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Systemd Lands Support For "XBOOTLDR" Extended Boot Loader

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  • #21
    Originally posted by [email protected] View Post
    Boot managers are mostly useless these days (in theory) if you have a decent UEFI implementation, as Linux includes an EFI stub
    I disagree. I want my boot process to go like this:

    motherboard -> EFI -> This fancy new systemd thing -> Coreboot -> BIOS emulation -> GRUB stage 1 in MBR -> LILO -> GRUB stage 2 -> GRUB stage 3 -> ... -> GRUB stage 42 -> Linux hypervisor -> The one Linux guest running on that hypervisor -> PID1!



    (IDK if that's even possible)

    (if it is possible I will use said setup to immediately boot into an X instance which is only running a full screen super nintendo emulator which loads up a custom homebrew ROM which provides me with basic web browsing and word processing capabilities)

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    • #22
      Originally posted by [email protected] View Post

      Code:
      efibootmgr --bootnext
      ?

      The issue here is that it bypasses your boot manager, and I guess that DEs have a hard time adding support for every boot manager under the sun. See also grub-reboot (needs GRUB_DEFAULT=saved) and a quick search turned out https://gist.github.com/Darkhogg/82a...3b1bd1362f5b8c for rEFInd

      Boot managers are mostly useless these days (in theory) if you have a decent UEFI implementation, as Linux includes an EFI stub I quite like rEFInd, though...
      i wish DEs would support efi boot manager.

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      • #23
        Originally posted by jrch2k8 View Post
        First is not "modular" but modular, modular does not imply without specific dependencies(at least get your terminology right).
        I'll just call that a systemd plugin, so our views on modularity won't be triggered.

        Originally posted by jrch2k8 View Post
        About not require other systemd dependencies, i'm not actually sure since i never even tried it that way since i have 0% need of not using systemd. that question should be better asked on systemd mailling lists i guess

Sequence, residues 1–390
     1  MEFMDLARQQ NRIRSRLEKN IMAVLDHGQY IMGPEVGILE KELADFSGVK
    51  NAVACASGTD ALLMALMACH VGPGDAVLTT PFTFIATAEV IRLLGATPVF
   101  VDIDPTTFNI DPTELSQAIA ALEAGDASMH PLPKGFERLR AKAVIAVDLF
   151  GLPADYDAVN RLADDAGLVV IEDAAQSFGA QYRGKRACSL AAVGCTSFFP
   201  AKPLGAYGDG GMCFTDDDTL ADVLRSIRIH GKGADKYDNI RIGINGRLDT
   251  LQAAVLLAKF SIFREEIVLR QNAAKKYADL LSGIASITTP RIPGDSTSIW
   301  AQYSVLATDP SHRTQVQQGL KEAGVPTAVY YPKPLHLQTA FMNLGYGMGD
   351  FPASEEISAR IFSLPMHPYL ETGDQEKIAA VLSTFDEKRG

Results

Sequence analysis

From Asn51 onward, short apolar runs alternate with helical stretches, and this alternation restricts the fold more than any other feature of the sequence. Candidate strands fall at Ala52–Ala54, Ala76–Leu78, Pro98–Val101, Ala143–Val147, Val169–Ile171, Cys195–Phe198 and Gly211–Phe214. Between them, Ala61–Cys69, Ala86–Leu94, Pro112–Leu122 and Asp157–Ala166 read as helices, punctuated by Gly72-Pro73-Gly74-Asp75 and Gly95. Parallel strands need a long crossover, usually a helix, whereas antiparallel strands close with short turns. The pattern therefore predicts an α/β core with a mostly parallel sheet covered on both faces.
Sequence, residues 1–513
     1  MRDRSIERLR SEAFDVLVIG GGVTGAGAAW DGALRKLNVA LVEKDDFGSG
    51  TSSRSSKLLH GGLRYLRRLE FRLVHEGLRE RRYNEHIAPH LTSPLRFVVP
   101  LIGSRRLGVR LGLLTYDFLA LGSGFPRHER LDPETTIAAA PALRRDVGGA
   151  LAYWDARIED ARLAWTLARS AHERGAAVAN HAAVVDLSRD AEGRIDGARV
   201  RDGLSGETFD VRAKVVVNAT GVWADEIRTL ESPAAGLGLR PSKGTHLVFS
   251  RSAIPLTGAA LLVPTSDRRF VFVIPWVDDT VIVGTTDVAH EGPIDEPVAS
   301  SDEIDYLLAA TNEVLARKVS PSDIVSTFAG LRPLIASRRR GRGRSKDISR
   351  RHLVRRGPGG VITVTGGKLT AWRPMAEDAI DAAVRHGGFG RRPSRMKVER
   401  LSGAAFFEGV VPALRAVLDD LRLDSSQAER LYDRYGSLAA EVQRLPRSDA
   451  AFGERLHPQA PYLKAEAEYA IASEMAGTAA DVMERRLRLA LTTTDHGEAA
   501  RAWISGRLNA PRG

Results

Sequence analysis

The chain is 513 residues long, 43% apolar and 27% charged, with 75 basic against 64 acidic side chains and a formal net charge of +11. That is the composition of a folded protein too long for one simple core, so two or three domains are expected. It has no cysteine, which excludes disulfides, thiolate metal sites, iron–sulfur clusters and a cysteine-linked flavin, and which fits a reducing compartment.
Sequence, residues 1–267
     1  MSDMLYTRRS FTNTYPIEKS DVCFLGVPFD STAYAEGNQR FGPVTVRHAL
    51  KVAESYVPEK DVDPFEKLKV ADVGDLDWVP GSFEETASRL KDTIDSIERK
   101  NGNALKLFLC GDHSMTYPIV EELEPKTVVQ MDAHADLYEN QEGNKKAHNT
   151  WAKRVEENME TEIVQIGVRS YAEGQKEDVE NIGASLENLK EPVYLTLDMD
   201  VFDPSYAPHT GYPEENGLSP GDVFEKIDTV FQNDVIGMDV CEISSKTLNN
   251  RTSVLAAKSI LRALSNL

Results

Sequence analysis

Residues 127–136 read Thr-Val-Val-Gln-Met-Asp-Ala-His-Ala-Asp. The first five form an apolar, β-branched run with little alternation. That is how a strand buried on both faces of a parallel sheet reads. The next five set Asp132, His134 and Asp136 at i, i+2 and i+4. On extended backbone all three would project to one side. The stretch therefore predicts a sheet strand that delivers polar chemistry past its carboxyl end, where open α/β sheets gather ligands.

My administration works the opposite: things need to get in, not somehow happen there and eventually get out. I just saw this only works with UEFI though, so for me the problem solved itself since I don't have a UEFI PC.

        Originally posted by Slithery View Post
        Did you even read the linked article?
        Did you even read what I replied to?

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        • #24
          does systemd already come with a built-in Linux kernel replacement?

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          • #25
            Originally posted by Spam View Post
            The SystemD OS and kernel is soon here... Might not even be a bad idea 💡
            https://www.youtube.com/watch?v=g85yri1kfJo

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            • #26
              Originally posted by Compartmentalisation View Post

              Hey that is Windows 10 on UEFI. You can click 'reboot', or hold shift during and you can select the different UEFI registered bootloaders, so it'll say "Ubuntu" or "Fedora" or "Linux Boot Manager" and stuff. You can also select devices like a bootable USB disk or network devices.

              On systemd based systems there's already 'systemctl reboot --firmware-setup' so maybe it's possible to do the rest if someone writes it.

              Recovery and Download are 2 things that in the UEFI world mean the motherboard firmware; no need for different partitions or fastboot modes.
              if you mean with select bootable USB, your choice is: USB Drive, USB Drive, or USB Class Device, then, ... yes: https://www.instagram.com/p/Bude1d9Biuk/

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              • #27
                What I don't like about systemd-boot is it doesn't automatically update the entries in menu when a kernel update has occurred. In Ubuntu or Fedora, to name a few, when doing an apt upgrade/dnf upgrade resulting in a new installed kernel, a new Grub entry is generated without manual intervention: systemd-boot doesn't do that and it's a little cumbersome

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                • #28
                  Originally posted by q2dg View Post
                  What I don't like about systemd-boot is it doesn't automatically update the entries in menu when a kernel update has occurred. In Ubuntu or Fedora, to name a few, when doing an apt upgrade/dnf upgrade resulting in a new installed kernel, a new Grub entry is generated without manual intervention: systemd-boot doesn't do that and it's a little cumbersome
                  systemd-boot doesn't need new entries for kernel updates, though? I use it on my Arch Linux systems that get kernel updates at least once a week and I haven't had to touch the systemd-boot entries since I first set it up months ago.

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                  • #29
                    Stop your stupid self advertising!

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                    • #30
                      Originally posted by hotaru View Post

                      systemd-boot doesn't need new entries for kernel updates, though? I use it on my Arch Linux systems that get kernel updates at least once a week and I haven't had to touch the systemd-boot entries since I first set it up months ago.
                      I haven't experienced this automatic entry upgrade In Ubuntu or Fedora systems...so this may be this something particular shipped in Arch (and thus, maybe out of scope of systemd-boot too). It's worth investigating

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